Queries & Comments
Raising The Bar By Reading BAR
When I first subscribed to BAR, I would skim through it hurriedly and then toss it in the trash—like, geez, this is way too scholarly for the likes of me! But after the third or fourth issue, I began to get used to it and really read it—attentively, pensively.
Now I’d rather read Q&C than watch the Friday night fights. I especially enjoyed reading Mr. Fenstermacher’s letter (Q&C: “How Rare Is the Sinai Hieroglyph?” BAR 36:04) about a prisoner who taught himself hieroglyphic—not only for the content (which, in itself, is amazing), but for the wonderful “vibe” that arose inside of me—that feeling of: I can do anything I really want to do, no matter what the odds are! There’s always a way—even if I must create my own flash cards from small milk cartons.
Nona B. Goodman
Ussishkin Should Have Checked with Ussishkin
I very much enjoyed David Ussishkin’s “Jezreel: Where Jezebel Was Thrown to the Dogs” (BAR 36:04). However, he says that we know precious little about Israelite chariots at the time that Ahab and Jezebel apparently used Jezreel as a royal chariot center (mid-ninth century B.C.E.). Dr. Ussishkin writes, “Unfortunately, we have no archaeological evidence of Israelite chariots. They probably looked much like the Assyrian chariots of the time.”
But we do have archaeological evidence of Judahite chariots from the late eighth century B.C.E. The Assyrian king Sennacherib carved beautiful reliefs in his palace at Nineveh that include at least one chariot from Judah. Sennacherib conquered the Judahite stronghold of Lachish in 701 B.C.E., and his artists portrayed a Judahite chariot among the spoils (pictured below, top). It was probably the Judahite governor’s ceremonial chariot rather than a typical Judahite war chariot; note its close similarity to Sennacherib’s ceremonial chariot (pictured below, bottom).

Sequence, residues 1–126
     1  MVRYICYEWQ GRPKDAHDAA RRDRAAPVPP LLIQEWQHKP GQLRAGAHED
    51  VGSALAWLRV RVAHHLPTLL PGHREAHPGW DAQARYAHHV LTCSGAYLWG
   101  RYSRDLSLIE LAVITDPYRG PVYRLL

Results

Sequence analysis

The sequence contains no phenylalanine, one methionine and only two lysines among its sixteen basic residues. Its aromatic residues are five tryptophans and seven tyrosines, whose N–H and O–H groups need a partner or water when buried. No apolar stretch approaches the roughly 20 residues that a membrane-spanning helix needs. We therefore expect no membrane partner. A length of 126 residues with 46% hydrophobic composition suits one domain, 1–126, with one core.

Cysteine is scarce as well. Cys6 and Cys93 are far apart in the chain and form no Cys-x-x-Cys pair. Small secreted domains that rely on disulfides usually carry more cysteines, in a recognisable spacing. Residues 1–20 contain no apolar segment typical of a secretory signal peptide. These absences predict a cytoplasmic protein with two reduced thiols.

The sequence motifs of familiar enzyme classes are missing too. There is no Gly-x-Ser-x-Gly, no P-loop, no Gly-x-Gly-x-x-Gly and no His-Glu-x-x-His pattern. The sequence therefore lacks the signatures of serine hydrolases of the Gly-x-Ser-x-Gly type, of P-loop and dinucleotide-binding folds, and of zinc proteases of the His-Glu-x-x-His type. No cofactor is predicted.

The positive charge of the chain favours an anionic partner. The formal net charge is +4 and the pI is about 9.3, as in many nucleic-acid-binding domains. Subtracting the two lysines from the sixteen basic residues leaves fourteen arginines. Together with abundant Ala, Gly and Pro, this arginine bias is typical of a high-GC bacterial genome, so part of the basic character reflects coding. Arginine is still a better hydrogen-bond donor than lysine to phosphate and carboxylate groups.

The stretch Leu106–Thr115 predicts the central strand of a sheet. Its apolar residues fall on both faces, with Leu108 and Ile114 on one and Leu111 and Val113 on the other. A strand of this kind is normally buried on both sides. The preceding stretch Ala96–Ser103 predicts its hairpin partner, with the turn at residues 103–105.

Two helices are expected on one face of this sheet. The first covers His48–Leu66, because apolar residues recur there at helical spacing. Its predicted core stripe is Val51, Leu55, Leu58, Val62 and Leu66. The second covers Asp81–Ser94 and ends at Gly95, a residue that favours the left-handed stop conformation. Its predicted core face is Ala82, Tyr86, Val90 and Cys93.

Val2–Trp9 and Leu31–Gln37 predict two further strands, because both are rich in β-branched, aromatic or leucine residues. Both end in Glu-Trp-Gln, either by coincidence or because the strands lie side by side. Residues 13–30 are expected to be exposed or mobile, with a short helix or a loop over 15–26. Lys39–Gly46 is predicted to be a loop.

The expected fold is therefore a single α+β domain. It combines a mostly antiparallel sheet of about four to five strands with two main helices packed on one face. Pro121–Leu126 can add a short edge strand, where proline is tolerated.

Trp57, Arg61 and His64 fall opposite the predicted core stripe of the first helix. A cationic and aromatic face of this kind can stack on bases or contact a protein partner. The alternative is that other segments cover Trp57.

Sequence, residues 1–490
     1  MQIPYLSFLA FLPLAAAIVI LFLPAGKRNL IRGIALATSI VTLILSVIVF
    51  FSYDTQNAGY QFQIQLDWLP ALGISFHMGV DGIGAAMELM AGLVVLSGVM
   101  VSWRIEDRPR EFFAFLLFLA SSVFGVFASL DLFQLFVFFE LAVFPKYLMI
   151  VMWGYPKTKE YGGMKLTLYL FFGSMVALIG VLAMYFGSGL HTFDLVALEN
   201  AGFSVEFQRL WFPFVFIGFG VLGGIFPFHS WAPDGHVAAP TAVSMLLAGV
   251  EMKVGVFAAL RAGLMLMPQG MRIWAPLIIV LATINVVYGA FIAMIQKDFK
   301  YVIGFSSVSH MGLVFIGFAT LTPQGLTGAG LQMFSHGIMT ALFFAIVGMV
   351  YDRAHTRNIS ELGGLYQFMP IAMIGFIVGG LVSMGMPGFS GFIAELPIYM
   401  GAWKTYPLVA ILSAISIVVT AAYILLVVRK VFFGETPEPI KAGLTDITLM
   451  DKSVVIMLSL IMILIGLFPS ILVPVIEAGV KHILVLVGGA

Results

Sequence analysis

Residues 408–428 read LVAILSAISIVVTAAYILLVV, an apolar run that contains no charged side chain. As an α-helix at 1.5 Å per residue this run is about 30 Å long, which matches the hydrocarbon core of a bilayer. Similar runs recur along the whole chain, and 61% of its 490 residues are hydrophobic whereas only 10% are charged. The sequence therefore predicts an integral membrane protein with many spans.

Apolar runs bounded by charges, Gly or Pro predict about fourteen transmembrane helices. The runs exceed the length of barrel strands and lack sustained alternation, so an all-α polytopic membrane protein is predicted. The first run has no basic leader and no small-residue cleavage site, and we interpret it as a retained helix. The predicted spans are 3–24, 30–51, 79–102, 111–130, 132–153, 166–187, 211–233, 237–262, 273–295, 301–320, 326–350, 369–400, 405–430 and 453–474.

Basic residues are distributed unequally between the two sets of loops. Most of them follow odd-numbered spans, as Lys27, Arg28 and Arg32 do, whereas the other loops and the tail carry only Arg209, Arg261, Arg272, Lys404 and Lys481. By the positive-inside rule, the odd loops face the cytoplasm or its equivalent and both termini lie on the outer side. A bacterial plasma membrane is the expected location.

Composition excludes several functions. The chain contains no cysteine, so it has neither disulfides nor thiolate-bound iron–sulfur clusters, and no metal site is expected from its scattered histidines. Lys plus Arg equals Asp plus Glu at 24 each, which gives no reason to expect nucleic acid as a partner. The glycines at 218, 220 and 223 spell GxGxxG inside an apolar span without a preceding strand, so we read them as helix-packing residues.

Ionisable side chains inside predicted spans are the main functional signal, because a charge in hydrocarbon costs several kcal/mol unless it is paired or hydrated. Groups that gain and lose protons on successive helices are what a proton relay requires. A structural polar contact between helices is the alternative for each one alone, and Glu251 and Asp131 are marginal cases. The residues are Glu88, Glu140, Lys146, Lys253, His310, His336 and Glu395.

Did the Judahites make or buy chariots like the Assyrians? Or did the Assyrian artists simply portray the Judahite chariot in the style they knew so well? We cannot answer these questions, but we can appreciate this one clear picture of a Judahite chariot from the period of Assyrian domination.
Interested readers can find beautiful portrayals of this Judahite chariot in Figs. 69 and 90 in The Conquest of Lachish by Sennacherib, by, of all people, David Ussishkin (Tel Aviv: Tel Aviv University, 1982).
Professor of Old Testament Studies
St. Paul, Minnesota
Why Did God Destroy Pompeii?
In “The Destruction of Pompeii—God’s Revenge?” (BAR 36:04), Hershel Shanks concludes that the Jews of Pompeii “may well have made the connection between the events of 70 and 79”—the Roman destruction of the Second Temple and the eruption of Mt. Vesuvius. He does this on the basis of an inscription “Sodom and Gomorrah” in one of the Pompeii houses destroyed by the volcano. No doubt this is one possible interpretation.
However, isn’t it more likely that the writer of the inscription was connecting immoral activity wrought by the eruption of Vesuvius? Sodom and Gomorrah were destroyed for their sinfulness (Genesis 18:20).
Before Pompeii, It Was Babylon
“The Destruction of Pompeii—God’s Revenge?” asks whether some Jews at the time saw Pompeii’s destruction as God’s revenge for the Roman destruction of the Second Temple nine years earlier. A key bit of evidence is the graffito on one of the destroyed houses of Pompeii: “Sodom [and] Gomor[rah].”
This suggestion is reinforced by a parallel in Isaiah dealing with the Babylonian destruction of the First Temple in 586 B.C.E. The prophet speaks of the punishment of Babylon for destroying the First Temple and uses the same metaphor with Sodom and Gomorrah:
And Babylon, glory of kingdoms,
Proud splendor of the Chaldeans,